a, Electrical resistance as a function of temperature for LaH10 (sample 3) under applied magnetic fields of up to 9 T. The width of the superconducting transition remains essentially constant up to 9 T. Both the cooling and the heating temperature sweeps are plotted. The superconducting critical temperatures were determined as the average of the two sweeps. An applied field of 9 T reduces the onset of the superconducting transition from around 250 K (as extracted from the heating curve) to around 240 K. It is notable that the step observed in the superconducting transition measured at zero field, which appears around 245 K, disappears under the application of a modest field of just 3 T (inset); this step probably results from inhomogeneities in the superconducting sample. Similar behaviour was found in disordered superconducting diamond doped with boron25. b, Upper critical fields as a function of temperature following the criteria of 90% (solid markers) and 50% (open markers) of the resistance in the metallic state, characterized by predominantly linear temperature dependence above Tc. Solid curves are extrapolations resulting from fits to the Ginzburg–Landau expression in order to estimate the upper critical fields at the zero-temperature limit. The temperature dependence of the observed upper critical fields was obtained from the data displayed in Fig. 2a. The upper critical fields near the critical temperature increase nearly linearly with the decrease in temperature. Here, we use a simple Ginzburg–Landau expression ) to estimate the upper critical fields Hc2(0) in the limit of zero temperature. The Ginzburg–Landau coherence lengths (ξ deduced from these Hc2(0) values range between 1.56 and 1.86 nm.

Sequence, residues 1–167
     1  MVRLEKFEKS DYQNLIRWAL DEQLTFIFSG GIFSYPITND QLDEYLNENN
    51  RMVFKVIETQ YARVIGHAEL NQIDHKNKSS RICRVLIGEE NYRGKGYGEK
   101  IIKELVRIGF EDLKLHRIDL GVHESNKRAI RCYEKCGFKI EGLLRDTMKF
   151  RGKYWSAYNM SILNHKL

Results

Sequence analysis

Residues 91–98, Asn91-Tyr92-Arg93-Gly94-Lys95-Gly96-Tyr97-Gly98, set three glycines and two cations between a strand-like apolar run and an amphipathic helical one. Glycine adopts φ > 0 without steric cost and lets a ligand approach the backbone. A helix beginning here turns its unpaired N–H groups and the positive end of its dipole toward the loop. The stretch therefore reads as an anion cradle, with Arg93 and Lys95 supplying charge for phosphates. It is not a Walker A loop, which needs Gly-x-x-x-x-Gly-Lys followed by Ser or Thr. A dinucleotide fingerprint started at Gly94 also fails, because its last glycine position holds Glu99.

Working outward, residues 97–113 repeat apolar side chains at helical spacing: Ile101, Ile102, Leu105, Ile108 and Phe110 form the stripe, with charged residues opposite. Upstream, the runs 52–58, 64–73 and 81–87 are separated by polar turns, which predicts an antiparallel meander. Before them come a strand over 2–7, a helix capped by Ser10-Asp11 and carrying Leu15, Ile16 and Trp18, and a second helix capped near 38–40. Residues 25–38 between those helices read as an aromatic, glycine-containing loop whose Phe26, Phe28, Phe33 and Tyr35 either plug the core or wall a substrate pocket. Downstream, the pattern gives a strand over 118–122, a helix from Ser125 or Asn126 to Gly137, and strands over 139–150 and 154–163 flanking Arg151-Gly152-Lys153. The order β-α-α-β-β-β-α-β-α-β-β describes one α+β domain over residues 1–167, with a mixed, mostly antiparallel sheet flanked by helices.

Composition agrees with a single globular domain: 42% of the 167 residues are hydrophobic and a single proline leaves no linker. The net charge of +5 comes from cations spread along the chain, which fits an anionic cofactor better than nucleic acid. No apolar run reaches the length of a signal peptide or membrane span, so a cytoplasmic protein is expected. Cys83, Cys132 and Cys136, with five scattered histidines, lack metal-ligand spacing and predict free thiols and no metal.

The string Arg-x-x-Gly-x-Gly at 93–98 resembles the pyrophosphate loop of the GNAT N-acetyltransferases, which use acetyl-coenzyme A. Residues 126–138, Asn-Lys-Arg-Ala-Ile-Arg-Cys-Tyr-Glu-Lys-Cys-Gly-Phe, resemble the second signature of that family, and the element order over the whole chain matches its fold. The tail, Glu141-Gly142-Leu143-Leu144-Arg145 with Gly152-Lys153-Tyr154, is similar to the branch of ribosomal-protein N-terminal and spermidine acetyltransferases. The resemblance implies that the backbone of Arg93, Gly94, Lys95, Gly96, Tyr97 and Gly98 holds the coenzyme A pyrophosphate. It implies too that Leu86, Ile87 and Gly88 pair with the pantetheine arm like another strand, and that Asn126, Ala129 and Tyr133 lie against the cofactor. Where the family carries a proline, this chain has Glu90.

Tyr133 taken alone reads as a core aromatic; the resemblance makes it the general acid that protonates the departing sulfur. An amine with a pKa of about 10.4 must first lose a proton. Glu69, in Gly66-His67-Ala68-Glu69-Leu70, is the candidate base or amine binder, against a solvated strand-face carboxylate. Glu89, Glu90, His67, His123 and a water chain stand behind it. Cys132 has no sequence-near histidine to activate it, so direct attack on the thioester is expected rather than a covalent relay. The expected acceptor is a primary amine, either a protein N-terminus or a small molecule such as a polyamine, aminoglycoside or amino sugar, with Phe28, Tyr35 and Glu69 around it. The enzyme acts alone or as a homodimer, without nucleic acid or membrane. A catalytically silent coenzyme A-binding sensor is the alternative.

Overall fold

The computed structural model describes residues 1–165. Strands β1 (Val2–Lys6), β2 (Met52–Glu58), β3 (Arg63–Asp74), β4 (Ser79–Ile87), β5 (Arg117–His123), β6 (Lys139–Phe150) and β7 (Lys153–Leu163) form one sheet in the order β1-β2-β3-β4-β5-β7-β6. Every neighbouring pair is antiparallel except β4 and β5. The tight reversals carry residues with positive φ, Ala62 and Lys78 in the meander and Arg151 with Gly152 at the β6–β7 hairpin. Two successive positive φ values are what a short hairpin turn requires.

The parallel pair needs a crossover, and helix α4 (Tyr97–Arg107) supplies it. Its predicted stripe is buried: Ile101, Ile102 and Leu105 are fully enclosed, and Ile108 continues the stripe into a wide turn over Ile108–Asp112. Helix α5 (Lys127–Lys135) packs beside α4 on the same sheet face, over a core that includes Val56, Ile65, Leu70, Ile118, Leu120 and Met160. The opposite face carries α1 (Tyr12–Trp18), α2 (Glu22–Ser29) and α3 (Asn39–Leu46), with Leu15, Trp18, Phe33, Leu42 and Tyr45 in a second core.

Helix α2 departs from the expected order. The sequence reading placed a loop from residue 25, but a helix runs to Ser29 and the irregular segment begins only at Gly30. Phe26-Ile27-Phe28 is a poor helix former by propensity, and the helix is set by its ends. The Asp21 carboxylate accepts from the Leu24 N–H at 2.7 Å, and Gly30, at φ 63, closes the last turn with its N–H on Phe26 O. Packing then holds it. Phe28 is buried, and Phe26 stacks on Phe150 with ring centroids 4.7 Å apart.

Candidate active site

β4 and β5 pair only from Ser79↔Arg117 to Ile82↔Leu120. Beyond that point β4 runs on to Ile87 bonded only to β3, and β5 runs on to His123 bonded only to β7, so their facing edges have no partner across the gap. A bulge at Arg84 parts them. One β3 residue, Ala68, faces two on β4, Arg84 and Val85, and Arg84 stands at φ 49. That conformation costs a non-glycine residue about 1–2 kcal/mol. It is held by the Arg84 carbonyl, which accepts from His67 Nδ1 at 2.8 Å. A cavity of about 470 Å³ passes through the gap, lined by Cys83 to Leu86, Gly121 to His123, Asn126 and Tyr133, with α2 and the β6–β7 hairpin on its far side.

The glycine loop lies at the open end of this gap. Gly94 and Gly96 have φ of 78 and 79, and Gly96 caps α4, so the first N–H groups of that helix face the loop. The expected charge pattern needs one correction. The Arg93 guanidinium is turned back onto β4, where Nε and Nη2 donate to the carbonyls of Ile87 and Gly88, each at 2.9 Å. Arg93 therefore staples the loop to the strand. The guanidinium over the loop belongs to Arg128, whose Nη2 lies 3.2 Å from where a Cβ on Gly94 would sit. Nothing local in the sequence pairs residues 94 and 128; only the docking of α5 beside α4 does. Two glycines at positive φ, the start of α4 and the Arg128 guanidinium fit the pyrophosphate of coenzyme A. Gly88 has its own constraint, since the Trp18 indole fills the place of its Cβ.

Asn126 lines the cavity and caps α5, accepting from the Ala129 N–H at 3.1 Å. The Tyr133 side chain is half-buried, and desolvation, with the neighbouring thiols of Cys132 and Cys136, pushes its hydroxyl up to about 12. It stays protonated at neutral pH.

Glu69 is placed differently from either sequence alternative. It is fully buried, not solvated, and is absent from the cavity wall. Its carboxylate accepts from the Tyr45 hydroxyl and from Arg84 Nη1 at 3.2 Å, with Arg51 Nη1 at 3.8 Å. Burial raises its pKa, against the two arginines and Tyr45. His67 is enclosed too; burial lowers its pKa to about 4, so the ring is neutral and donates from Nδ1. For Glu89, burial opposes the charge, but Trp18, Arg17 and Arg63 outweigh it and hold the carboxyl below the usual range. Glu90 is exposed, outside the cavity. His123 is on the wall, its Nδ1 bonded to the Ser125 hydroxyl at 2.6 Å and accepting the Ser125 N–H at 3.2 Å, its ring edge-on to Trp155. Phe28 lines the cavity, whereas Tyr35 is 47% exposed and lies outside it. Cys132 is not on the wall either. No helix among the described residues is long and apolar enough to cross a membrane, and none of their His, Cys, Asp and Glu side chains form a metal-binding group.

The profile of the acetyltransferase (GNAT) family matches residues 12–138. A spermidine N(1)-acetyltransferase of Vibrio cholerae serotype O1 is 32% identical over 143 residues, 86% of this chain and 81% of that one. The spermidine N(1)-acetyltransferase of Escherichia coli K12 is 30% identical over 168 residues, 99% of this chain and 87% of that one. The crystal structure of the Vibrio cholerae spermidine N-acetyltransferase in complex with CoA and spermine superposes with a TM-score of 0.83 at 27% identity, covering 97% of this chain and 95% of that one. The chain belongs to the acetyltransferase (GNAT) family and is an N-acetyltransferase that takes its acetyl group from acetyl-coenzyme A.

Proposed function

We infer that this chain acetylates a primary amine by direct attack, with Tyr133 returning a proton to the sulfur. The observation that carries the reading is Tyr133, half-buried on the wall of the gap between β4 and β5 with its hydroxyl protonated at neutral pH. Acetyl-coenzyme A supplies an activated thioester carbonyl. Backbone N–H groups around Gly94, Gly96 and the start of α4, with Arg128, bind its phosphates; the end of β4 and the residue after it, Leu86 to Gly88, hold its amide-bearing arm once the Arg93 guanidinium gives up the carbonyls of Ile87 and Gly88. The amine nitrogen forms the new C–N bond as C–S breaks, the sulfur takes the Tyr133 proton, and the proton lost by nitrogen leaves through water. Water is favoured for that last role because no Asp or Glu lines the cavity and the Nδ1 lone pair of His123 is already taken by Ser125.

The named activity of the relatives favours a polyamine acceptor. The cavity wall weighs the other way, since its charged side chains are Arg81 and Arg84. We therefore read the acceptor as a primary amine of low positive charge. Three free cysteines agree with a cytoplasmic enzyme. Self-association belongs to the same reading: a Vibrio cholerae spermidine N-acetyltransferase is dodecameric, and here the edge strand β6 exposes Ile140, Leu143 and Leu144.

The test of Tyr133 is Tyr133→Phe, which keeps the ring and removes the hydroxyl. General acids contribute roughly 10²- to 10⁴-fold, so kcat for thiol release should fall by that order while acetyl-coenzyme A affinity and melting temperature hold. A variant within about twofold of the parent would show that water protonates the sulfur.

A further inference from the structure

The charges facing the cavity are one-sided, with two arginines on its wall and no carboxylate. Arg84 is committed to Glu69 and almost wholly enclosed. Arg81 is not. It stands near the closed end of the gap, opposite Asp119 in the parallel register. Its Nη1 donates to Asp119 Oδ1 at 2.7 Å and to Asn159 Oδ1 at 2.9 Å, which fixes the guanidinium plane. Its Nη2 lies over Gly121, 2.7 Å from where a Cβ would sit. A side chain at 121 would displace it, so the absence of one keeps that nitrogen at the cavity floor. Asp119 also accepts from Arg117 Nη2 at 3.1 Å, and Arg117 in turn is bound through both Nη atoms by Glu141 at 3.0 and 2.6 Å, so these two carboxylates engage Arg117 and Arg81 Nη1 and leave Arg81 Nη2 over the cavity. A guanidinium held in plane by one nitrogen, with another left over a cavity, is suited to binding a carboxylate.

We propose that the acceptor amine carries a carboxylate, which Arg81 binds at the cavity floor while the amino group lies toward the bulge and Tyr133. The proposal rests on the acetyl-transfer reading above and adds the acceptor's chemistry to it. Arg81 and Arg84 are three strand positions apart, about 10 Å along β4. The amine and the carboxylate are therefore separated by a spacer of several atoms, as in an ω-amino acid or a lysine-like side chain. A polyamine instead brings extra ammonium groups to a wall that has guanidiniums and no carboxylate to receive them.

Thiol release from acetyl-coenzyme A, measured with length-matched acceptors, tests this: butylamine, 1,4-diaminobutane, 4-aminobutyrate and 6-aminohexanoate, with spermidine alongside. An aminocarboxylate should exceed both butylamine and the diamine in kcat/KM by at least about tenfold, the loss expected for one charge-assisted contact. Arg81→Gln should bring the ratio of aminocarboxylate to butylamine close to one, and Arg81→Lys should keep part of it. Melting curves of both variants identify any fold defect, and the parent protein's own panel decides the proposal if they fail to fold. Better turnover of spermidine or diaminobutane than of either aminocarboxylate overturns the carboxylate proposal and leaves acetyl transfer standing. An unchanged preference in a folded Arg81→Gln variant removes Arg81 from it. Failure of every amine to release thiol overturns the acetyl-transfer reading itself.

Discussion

X-ray diffraction studies of superconducting lanthanum hydrides. a, Cake representation of the typical X-ray powder diffraction pattern measured for the sample with Tc ≈ 249 K at 150 GPa (sample 3). The dominant face-centred Fm3¯m phase gives a spotty powder pattern. b, c, Integrated powder patterns for samples synthesized from the La + H2 mixture with Tc ≈ 249 K at 150 GPa (sample 3) (b) and the La + D2 mixture with Tc ≈ 140 K at 142 GPa (sample 8) (c). Indexation and refinement of these powder diffraction patterns yields two different phases: Fm3¯m (a = 5.1019(5) Å, V = 132.80(4) Å3) and P4/nmm (a = 3.7258(6) Å, c = 5.0953(12) Å, V = 70.73(2) Å3) with stoichiometries corresponding to LaH9.6 and LaD10.6, respectively. Both refined crystal structure models are in good agreement with the predicted structures for LaH10 (refs 4,5) and LaH11 (ref. 3), except for the reflection at around 6.10° in c that relates to the most intensive 101 reflection of the impurity hcp-I phase. The black, red and blue traces correspond to the experimental data, the fitted data, and the difference between experimental and fitted data, respectively. a.u., arbitrary units. The Le Bail fitting method was chosen to extract the intensities from the powder diffraction pattern, because it is impossible to extract the real intensities of the reflections from the spotty patterns. d, e, The distribution of the main superconducting LaH10 Fm3¯m (d) and LaD11 P4/nmm (e) phases in the samples. The contribution of these phases is estimated using the integral intensity arising from the corresponding phase in the overall powder pattern. These phases comprise more than 80% of the samples, and their distribution throughout the samples is very smooth.